Criteria For BJJ Purple Belt
Before getting your purple belt, here are the things that most coaches look for before promoting you:
Although your coach does not expect your takedowns to be the caliber of a wrestler or even a judoka, they do expect you to at least know at least a couple of go-to takedowns you can land live. At purple belt, you should no longer be relying on guard pulling to get the fight to the ground, although I still see that many higher belts still do that as the preferred method to take the fight to the ground.
Submissions Repertoire Beyond Basic Chokes, Key Lock, Armbars, and Triangles
Once you get to purple, your submission inventory is expected to widen. At blue belt, you will have a few go-to submissions that would include the likes of rear-naked chokes, guillotines, key locks, armbar, triangle, and a few gi-based collar chokes. These are usually the first chokes taught so blue belts are expected to be proficient at them. But as you progress to purple belt, your submission inventory is expected to deepen. At purple, you are expected to land anacondas, d'arce, various other joint locks, and you are also expected to start to become proficient at lower body submissions such as knee bars, heel hooks, and ankle locks.
A White Belt Should Not Be Able To Submit You
At blue belt, you can still be submitted by white belts, especially if they have been training a long time, or if they are wrestlers or judokas with some BJJ experience. But at purple belt, you should not be getting submitted a white belt if you are really rolling with effort. Sorry to say. At purple belt you should have enough mat experience to get yourself out of trouble any white belt puts you in. Of course, this is all given that the white belt is a legitimate white belt, not sandbagging higher belt.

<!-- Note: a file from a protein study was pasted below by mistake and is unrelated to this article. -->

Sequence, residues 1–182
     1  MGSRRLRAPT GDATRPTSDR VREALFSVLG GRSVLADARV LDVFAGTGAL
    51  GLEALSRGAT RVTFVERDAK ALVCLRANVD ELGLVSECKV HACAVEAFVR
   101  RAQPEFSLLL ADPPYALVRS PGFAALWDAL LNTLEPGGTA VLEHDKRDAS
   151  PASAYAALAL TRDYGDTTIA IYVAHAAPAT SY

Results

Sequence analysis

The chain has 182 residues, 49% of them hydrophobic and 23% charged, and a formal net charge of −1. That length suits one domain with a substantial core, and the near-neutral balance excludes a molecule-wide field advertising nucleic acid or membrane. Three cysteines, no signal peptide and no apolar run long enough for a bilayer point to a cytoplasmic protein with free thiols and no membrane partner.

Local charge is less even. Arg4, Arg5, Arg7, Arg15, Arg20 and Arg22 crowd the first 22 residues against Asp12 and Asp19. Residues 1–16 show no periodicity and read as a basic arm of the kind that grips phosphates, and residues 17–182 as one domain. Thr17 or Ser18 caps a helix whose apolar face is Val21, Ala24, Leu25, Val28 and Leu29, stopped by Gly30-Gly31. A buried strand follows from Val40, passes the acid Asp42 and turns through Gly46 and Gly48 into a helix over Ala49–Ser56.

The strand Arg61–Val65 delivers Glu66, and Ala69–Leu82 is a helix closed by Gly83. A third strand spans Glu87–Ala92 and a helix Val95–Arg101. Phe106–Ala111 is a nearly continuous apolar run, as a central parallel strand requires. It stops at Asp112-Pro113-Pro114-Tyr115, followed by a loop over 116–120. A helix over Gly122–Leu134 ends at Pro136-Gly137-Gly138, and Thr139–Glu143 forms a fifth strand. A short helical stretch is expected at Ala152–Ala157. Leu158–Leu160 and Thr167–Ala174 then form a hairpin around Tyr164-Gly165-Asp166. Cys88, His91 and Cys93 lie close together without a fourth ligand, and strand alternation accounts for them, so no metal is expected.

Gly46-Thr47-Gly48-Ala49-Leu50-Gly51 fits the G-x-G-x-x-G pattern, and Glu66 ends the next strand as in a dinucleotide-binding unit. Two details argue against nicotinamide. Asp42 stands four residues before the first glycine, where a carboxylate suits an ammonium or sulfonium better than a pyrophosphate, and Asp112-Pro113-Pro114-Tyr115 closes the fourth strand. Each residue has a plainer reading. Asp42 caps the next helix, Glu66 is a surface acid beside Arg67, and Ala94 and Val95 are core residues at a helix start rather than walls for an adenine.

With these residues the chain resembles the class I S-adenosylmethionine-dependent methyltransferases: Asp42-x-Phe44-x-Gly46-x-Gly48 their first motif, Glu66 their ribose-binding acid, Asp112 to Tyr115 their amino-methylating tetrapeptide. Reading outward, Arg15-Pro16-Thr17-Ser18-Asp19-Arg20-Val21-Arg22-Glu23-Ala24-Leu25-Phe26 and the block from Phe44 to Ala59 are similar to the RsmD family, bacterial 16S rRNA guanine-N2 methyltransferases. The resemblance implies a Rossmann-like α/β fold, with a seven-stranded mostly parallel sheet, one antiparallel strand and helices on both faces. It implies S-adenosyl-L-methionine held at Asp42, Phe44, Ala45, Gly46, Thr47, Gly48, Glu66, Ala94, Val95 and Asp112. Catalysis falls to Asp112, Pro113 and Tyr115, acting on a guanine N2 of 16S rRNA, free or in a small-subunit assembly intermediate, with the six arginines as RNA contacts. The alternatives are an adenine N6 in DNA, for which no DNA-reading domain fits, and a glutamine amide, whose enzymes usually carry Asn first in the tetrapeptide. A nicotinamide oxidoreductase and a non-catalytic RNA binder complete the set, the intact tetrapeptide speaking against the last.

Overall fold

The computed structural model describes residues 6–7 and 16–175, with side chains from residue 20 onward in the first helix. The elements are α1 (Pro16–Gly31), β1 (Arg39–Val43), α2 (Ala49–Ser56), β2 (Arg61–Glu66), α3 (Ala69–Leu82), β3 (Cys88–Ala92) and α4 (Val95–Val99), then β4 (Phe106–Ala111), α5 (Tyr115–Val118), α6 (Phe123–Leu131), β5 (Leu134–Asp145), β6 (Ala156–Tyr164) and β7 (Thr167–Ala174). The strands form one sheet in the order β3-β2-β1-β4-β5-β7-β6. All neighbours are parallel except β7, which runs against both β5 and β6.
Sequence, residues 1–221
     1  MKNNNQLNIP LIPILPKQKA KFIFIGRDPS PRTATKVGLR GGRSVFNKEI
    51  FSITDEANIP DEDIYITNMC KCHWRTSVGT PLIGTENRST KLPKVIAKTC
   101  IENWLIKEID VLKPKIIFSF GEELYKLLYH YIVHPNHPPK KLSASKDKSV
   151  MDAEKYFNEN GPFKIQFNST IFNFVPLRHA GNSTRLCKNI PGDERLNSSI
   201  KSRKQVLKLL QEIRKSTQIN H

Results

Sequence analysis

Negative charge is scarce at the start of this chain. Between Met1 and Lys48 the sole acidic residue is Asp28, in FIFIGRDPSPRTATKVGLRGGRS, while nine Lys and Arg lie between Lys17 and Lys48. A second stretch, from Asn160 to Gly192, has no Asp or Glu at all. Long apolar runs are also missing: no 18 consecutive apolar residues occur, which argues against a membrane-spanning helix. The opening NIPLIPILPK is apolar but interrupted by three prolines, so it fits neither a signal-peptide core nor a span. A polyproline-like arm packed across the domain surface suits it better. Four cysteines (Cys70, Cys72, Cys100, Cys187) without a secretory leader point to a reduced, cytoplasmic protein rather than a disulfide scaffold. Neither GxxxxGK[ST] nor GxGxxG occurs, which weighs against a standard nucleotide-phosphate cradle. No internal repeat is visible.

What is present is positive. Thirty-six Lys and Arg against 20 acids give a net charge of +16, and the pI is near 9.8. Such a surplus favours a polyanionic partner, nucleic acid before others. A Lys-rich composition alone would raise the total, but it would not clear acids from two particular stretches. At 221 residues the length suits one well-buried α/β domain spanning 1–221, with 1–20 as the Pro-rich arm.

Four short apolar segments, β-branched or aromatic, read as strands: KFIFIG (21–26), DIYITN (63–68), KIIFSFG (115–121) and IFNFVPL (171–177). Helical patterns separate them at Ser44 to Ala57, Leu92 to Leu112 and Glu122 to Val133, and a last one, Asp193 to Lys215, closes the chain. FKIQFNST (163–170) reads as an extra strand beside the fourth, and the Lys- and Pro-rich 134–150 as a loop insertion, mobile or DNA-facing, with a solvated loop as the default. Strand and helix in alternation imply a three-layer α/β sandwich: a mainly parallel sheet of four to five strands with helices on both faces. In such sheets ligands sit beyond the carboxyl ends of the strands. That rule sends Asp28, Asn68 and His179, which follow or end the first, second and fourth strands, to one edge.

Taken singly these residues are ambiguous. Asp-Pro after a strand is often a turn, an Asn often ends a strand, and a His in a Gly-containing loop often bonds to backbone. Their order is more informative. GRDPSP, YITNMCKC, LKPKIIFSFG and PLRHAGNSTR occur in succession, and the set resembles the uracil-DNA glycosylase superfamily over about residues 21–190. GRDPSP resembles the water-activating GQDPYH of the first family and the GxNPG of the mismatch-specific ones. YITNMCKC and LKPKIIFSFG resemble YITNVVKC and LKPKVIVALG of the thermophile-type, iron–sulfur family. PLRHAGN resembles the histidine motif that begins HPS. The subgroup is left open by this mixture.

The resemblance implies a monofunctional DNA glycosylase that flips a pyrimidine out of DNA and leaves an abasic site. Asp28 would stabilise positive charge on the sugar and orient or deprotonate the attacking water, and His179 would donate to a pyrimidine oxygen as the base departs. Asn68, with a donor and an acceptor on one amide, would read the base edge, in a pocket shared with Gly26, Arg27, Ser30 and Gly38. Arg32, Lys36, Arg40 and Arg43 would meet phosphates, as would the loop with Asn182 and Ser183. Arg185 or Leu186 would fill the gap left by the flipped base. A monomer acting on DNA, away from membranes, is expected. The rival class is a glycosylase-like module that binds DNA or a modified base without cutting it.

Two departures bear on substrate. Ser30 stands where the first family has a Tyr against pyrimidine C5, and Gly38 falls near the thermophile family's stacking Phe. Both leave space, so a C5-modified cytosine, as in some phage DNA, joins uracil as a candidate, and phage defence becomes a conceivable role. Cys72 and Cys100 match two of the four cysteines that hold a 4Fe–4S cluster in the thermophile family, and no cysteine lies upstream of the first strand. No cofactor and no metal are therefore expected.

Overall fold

You Can Go Light and Flow, and Do Not Have to Muscle Your Way Out Of Trouble
The previous point takes me to this point. At this point, you should have less of an ego when it comes to rolling with lower belts. You should not have to smash lower belts every time you roll. At blue belt, the chance of getting submitted by a white belt is still very much a possibility. However, when you are at purple belt level, that fear should not be there anymore. So you should be able to have no problems flowing with lower belts and not be afraid to put yourself in disadvantageous positions. And once you are in a disadvantageous position, you should be able to use technique to get yourself out of trouble, and not just muscle your way out of it.
You Can Teach Basic Concepts, Positions, and Submissions
Many gyms that do not have adequate staffing task purple belts with teaching some beginners' classes or stand in as a substitute. Of course you are not expected to know everything or have the answer to most of questions asked. But at purple belt, you are expected to have enough experience on the mats to answer many of the basic questions white belts have regarding concepts, positions, and submissions.